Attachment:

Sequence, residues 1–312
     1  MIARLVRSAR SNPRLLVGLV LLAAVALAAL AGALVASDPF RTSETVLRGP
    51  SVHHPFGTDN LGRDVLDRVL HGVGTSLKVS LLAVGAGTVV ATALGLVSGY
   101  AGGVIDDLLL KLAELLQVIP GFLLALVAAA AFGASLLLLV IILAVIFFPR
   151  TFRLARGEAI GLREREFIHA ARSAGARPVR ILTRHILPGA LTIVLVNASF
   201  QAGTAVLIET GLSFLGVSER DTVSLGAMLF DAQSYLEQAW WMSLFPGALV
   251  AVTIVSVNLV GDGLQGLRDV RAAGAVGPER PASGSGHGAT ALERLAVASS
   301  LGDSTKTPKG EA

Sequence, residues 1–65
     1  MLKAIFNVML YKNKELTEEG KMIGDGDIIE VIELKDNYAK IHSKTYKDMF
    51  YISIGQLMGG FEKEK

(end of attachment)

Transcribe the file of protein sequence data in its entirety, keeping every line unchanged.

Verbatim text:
Sequence, residues 1–312
     1  MIARLVRSAR SNPRLLVGLV LLAAVALAAL AGALVASDPF RTSETVLRGP
    51  SVHHPFGTDN LGRDVLDRVL HGVGTSLKVS LLAVGAGTVV ATALGLVSGY
   101  AGGVIDDLLL KLAELLQVIP GFLLALVAAA AFGASLLLLV IILAVIFFPR
   151  TFRLARGEAI GLREREFIHA ARSAGARPVR ILTRHILPGA LTIVLVNASF
   201  QAGTAVLIET GLSFLGVSER DTVSLGAMLF DAQSYLEQAW WMSLFPGALV
   251  AVTIVSVNLV GDGLQGLRDV RAAGAVGPER PASGSGHGAT ALERLAVASS
   301  LGDSTKTPKG EA

Sequence, residues 1–65
     1  MLKAIFNVML YKNKELTEEG KMIGDGDIIE VIELKDNYAK IHSKTYKDMF
    51  YISIGQLMGG FEKEK